Let’s Make Congress Work Again
In contrast to our current economic rebound, the United States debt is past the tipping point of a financial crisis. This should not come as a surprise.
Even though we are five months into the 2018 fiscal year, Congress has not funded the federal government for this year. Even after this week, Washington still may not get the job done.
Our national debt is over $20 trillion. We are on track to add another $10 trillion of debt over the next decade. The single biggest cause of our debt crisis is the funding mechanism used by Congress. It does not work, and Congress cannot fulfill its Constitutional obligations.
Enacted in 1974, the Congressional Budget and Impoundment Control Act, has only worked four times in 44 years. Since then, Washington has resorted to over 180 continuing resolutions and 19 government shutdowns, including one last month.
Why does this keep happening? The budget process has completely broken down. It will never work as designed and it needs to be changed.
Today, the Congressional budget process consists of three steps: the budget, authorizations, and appropriations. However, the budget resolution is not a law.
Therefore, the majority party uses the budget as a political statement about how the government should spend its money. The minority party then revolts during the authorizations and appropriations processes. As a result, hundreds of billions in expired authorizations still received funding.
Ultimately, Congress is supposed to pass 12 appropriations bills each year, but its average over the last 44 years is an embarrassing 2.5 annually. This grinds Congress to a halt.
Additionally, the current budget process only deals with 25 percent of the $4 trillion the federal government spends. This is primarily for the military, VA, and other discretionary domestic programs. The other 75 percent is Social Security, Medicare, Medicaid, federal employee pensions, and interest on the national debt.
We have seen Washington lurch from one deadline to the next instead of actually debating policy changes and setting spending levels. What’s worse, lawmakers don’t bear the brunt of these missed deadlines. Instead, the consequences are felt by those who rely on government functions—including our women and men in the military.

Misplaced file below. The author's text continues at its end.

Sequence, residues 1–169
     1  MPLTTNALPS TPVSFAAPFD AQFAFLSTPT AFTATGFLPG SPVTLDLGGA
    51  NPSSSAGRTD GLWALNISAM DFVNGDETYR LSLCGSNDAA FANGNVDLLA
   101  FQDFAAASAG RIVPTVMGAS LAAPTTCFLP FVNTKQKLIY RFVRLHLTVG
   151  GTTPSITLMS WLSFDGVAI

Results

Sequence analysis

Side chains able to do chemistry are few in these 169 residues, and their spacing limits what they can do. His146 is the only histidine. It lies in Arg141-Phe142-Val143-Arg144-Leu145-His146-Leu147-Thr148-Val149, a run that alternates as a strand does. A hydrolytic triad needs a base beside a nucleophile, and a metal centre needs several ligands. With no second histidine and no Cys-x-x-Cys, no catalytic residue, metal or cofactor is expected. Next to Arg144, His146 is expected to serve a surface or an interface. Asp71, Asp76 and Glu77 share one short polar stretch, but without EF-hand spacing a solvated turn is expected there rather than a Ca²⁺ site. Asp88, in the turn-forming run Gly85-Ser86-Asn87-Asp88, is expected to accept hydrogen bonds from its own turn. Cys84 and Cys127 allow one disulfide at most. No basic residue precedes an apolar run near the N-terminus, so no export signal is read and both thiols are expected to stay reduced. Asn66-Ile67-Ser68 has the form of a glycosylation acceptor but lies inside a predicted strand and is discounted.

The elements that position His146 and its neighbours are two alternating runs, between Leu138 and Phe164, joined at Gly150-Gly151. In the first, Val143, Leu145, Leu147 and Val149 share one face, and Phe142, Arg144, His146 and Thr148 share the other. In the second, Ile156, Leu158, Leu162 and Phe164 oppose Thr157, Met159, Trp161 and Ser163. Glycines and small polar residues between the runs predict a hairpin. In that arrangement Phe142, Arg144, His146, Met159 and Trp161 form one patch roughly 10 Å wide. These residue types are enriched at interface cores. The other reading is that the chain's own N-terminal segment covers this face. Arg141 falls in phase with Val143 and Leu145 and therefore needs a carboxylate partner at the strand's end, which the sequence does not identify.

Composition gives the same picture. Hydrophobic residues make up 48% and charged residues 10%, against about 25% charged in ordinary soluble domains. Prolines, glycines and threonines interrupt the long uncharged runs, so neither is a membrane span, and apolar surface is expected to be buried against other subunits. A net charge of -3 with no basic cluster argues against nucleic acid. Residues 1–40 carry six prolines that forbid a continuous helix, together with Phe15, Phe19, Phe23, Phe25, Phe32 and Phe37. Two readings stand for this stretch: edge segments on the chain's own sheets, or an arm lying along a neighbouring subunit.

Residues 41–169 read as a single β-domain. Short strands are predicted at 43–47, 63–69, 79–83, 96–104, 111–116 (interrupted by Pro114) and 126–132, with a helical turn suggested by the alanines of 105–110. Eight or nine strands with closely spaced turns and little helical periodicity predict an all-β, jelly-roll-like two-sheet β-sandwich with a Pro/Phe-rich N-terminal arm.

Right now, we are funding the federal government on borrowed time with a continuing resolution that expires this Friday. Unless Congress passes another continuing resolution or spending package by then, we may face a similar fate as last month.
Before shutting the government down, Senate Minority Leader Chuck Schumer (D-N.Y.) himself said shutdowns are “governmental chaos.” We need more certainty, not more chaos coming from Washington.
The good news is there is a growing realization from both parties that the current budget process is not working and it must be fixed.
Last year, Sen. Sheldon Whitehouse (D-R.I.), and I introduced an amendment acknowledging that the budget process is broken. It got a vote, and the entire United States Senate agreed.
The voices are getting louder. Sen. Bob Corker (R-Tenn.), another business guy in the United States Senate, said, “it’s impossible for the process we have today to work.”
Even Sen. Bernie Sanders (I-Vt.) recently said, “Enough is enough. We cannot continue to run a $4 trillion government on a month-to-month basis. We need an annual budget.”
The time to act is now. Let’s make Congress work again. Let’s change the failed funding process so Washington can deal with our national debt once and for all.